"How silently they tumble down
And come to rest upon the ground
To lay a carpet, rich and rare,
Beneath the trees without a care,
Content to sleep, their work well done,
Colors gleaming in the sun.
At other times, they wildly fly
Until they nearly reach the sky.
Twisting, turning through the air
Till all the trees stand stark and bare.
Exhausted, drop to earth below
To wait, like children, for the snow."
- Elsie N. Brady
Garden Muse Day is sponsored the first of each month by Carolyn Gail at Sweet Home and Garden Chicago. Visit her for more poetry about gardening today.
In early October I read about the Fall Color Project sponsored by Dave at the Home Garden to track the peak fall color around the country. I thought it sounded like a great idea and decided to participate. So for the last two weeks I have been snapping photos of the trees and colorful foliage in my yard, while waiting for the color to peak. The problem, though, was that while I waited for the maple tree to slowly turn completely orange, other trees had put on their autumn colors or none at all and then lost their leaves! Like Cindy at Walk Down the Garden Path, I think the peak has already past, so it is high time I show what colors we have had here in central Illinois. Unless otherwise noted, all photos are from my yard.
The pink and red flowering crabapples were the first to lose their leaves--in early September. But two weeks ago as I began observing the trees in detail for good photos, I spotted a few pink flutters in one of the trees.
Moving in for a closer look, I saw this pink blossom in mid-October! I wonder if the summer-like weather we had for much of October confused them into thinking it was spring again.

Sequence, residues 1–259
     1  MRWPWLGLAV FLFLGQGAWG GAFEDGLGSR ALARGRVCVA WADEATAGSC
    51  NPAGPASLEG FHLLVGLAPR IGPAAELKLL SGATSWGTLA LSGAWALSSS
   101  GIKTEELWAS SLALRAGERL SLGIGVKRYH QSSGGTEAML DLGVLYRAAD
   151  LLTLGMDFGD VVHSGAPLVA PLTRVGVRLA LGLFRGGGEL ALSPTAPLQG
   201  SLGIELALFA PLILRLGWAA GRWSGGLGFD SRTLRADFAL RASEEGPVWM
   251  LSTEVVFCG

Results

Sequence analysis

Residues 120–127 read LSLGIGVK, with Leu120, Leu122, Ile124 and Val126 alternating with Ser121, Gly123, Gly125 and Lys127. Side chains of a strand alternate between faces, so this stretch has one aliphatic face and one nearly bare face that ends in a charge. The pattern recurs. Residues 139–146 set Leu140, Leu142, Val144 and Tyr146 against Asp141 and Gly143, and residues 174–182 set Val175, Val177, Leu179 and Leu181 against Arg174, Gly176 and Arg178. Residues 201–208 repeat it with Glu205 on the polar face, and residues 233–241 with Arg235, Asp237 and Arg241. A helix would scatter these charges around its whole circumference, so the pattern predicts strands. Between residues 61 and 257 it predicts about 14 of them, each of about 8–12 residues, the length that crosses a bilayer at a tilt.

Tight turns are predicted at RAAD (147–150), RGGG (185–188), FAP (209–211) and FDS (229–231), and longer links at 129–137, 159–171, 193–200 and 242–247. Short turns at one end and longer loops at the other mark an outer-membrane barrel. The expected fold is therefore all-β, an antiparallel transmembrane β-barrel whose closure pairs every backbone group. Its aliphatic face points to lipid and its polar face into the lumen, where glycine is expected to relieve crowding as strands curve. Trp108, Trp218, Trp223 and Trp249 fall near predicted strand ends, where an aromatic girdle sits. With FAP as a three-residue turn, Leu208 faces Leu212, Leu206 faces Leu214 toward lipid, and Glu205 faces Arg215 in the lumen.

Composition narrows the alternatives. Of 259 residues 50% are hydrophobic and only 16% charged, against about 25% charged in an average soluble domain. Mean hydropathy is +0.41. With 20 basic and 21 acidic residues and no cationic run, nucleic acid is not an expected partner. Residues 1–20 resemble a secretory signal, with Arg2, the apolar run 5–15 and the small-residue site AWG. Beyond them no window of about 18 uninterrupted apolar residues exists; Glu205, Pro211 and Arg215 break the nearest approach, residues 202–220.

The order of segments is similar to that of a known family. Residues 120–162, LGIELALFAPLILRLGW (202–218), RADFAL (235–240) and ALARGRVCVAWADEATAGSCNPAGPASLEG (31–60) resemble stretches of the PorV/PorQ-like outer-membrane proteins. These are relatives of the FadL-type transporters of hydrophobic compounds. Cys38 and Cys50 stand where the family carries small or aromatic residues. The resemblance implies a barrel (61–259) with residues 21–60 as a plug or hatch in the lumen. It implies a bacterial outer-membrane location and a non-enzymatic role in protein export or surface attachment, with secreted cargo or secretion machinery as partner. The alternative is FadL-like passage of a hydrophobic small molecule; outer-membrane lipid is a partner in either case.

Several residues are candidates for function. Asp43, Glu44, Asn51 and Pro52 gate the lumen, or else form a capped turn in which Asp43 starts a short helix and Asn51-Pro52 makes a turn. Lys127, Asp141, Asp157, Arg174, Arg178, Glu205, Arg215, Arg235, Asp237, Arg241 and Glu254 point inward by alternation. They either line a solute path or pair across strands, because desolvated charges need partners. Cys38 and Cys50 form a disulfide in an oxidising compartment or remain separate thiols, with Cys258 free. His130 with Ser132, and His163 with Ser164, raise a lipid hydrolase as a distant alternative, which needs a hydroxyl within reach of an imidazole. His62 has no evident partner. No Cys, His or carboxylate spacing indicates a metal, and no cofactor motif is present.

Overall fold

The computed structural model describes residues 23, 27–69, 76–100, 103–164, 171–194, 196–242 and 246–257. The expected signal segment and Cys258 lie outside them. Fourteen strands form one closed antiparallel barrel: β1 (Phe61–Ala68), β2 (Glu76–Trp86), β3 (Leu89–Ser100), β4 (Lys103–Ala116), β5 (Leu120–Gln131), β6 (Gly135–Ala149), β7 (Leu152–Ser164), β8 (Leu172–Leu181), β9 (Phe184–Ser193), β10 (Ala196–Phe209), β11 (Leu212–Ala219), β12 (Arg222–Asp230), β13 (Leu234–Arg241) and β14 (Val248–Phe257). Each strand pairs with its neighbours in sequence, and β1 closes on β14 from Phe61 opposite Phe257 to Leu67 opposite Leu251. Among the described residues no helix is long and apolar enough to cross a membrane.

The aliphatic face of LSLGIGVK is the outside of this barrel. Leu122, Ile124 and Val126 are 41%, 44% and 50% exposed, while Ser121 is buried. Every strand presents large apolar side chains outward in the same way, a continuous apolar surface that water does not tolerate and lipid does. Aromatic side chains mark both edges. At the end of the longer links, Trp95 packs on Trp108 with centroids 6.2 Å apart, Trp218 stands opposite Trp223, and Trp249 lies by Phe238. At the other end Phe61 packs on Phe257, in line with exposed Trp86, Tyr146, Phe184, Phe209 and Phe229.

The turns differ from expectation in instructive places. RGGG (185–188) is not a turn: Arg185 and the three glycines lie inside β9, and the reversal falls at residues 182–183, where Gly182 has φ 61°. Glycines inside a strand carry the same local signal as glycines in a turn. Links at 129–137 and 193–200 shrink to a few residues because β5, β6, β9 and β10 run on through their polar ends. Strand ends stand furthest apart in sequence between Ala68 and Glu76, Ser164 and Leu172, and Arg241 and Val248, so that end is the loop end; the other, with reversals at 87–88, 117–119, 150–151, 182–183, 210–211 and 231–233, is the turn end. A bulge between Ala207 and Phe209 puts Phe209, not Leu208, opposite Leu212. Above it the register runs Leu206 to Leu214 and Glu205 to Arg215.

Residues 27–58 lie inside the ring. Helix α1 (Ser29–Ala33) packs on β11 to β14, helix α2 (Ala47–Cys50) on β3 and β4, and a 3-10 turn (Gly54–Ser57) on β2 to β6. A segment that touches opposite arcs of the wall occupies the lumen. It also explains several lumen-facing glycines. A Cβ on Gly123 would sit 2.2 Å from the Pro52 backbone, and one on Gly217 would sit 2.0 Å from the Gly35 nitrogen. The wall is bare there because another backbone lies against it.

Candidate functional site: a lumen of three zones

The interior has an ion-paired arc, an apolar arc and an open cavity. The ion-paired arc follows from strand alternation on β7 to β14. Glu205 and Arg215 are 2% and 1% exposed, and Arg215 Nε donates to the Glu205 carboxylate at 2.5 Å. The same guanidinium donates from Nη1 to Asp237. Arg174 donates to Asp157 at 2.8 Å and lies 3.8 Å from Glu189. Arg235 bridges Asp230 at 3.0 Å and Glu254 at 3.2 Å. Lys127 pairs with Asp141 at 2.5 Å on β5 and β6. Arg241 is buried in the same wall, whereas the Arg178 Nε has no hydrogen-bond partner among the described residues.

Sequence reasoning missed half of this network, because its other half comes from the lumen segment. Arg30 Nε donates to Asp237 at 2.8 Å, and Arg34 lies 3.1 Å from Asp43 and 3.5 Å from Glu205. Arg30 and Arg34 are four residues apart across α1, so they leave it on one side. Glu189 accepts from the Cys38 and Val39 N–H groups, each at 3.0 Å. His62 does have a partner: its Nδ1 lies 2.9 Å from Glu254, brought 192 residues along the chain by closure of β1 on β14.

The white crabapple became my favorite this summer with its canopy of white blossoms lasting into June. It was the favorite spot for the birds, too, especially a pair of cardinals, who probably had a nest here, judging by their actions.
You can see the tree still has half its leaves, but what a show of berries! I have never seen this crabapple as loaded with its small fruit as this year. Wouldn't it be nice if they stayed here till Christmas?
One goal I had this summer was to identify all the trees in my yard. I discovered, though, that identifying a tree is not as simple as looking at just the leaves and finding them in a tree identification book. One must look at the bark, the shape of the twigs, the buds, and the fruit to make a positive i.d. Consequently, I still have some "mystery" trees. The tree below is not a mystery, but was a surprise to me--I didn't realize we had a second oak tree. It's not nearly as old as the big oak at the front of the yard--it's tall, but not very large in circumference.
While some oaks put on quite a show of color in the fall, mine don't. The photo above looks deceiving. Although it appears many of the leaves have turned yellow, in reality the sun is illuminating the green leaves. Clicking on the photo to enlarge it may give you a truer picture.
Both oak trees are still full of green leaves. The leaves don't turn yellow or even red, but gradually wither to a brown and fall off. Beautiful all the rest of the year, these are not fall showstoppers.
I think this tree above is a honey locust. We have a few of these in our yard as well; their leaves turn yellow before dropping to the ground.
Near the roadside is what is probably the second oldest tree on our property, which my husband identified as a hackberry. Not a particularly shapely tree, it did put on a show of bright yellow, which I had trouble capturing in a photo.